On top of that, there have been a slew of Bitcoin-related criminal indictments of late, mainly for money laundering. “There are dodgy characters in Bitcoin,” says Byrne. “But there are dodgy characters in cash too.”
Byrne thinks Bitcoin’s security features will outweigh this. “I don’t want my credit card details with 100 different sites,” says Byrne. “Neither does anyone else.”
Famous for his criticism of naked short selling, Byrne says he is very interested in a Bitcoin version of the stock market, where settlement goes through the blockchain meaning you would have to prove ownership of a security to be able to sell it. It would be his “dream come true” if shares were issued in a Bitcoin-like blockchain and transfer of them happened as it does with the virtual currency. The use of the Bitcoin protocol to prove ownership of anything from car titles to shares of stock is one of the “bigger picture uses” its supporters are trying to popularize.
Byrne says he tuned into cryptocurrency reading science fiction books such as Snow Crash and Black Swan, science fiction books. He was also open to it as a long time “little l” libertarian, and someone who had studied computation theory in his Stanford days. Like many early Bitcoin enthusiasts, Byrne is attracted by the idea of having a financial option outside of state control. He’s extremely critical of the Federal Reserve’s policy in recent years, saying the country needs “chemotherapy” to recover from the decades fiscal problems.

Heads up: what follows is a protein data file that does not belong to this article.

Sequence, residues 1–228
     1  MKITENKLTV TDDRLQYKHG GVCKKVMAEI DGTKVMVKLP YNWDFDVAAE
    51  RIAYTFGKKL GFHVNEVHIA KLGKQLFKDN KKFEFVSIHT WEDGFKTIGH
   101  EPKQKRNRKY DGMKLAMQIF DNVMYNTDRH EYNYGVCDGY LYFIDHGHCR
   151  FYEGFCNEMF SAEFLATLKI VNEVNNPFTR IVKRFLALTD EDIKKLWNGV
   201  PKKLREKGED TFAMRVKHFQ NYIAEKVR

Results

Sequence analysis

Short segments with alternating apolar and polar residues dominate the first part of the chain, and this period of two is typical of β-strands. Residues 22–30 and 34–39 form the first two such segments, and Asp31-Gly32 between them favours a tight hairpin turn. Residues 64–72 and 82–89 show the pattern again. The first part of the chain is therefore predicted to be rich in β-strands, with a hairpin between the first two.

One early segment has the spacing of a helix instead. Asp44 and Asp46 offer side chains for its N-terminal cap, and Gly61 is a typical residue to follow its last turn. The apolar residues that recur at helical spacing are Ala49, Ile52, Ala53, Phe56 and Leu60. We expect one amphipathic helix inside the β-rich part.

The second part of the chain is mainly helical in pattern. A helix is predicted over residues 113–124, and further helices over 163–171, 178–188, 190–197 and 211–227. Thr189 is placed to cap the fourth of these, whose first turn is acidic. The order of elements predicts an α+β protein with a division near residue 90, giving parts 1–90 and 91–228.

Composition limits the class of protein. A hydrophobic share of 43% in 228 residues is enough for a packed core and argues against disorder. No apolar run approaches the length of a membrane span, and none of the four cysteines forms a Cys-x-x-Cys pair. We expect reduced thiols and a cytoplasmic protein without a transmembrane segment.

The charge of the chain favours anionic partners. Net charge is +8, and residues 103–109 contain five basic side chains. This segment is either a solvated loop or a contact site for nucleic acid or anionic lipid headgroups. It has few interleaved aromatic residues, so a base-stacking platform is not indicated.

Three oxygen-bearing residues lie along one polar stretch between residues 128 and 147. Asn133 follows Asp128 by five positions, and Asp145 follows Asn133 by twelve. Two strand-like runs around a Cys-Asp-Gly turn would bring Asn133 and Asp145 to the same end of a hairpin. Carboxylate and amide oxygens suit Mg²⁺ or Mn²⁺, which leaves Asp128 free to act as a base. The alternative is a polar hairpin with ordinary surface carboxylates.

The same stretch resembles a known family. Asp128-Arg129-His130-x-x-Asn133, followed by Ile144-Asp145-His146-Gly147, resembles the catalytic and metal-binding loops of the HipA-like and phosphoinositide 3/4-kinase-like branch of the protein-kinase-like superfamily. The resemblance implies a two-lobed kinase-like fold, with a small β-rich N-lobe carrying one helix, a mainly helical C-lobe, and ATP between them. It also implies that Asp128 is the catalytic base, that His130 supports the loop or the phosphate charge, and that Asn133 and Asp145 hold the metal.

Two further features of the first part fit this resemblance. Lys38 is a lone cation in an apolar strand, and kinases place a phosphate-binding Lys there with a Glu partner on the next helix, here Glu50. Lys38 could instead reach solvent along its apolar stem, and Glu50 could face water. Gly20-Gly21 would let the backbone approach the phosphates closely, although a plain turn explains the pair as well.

“We are on a crazy strategy with our central bank,” he says. “It’s good to have alternative ecosystems. It’s not that the dollar will go away, but we need other options if it crashes or wildly inflates. I don’t think we ever got out of the recession. We’ve been reinflating the bubble and calling it recovery.”
When you hear Byrne talking like this, you realize that for him, taking Bitcoin at Overstock isn’t just a publicity stunt to get attention. He is a true Bitcoin believer.
“We want enough people adopting Bitcoin for a robust infrastructure,” he continues. “It’s an act of patriotism. It gives the country a robust parallel system.”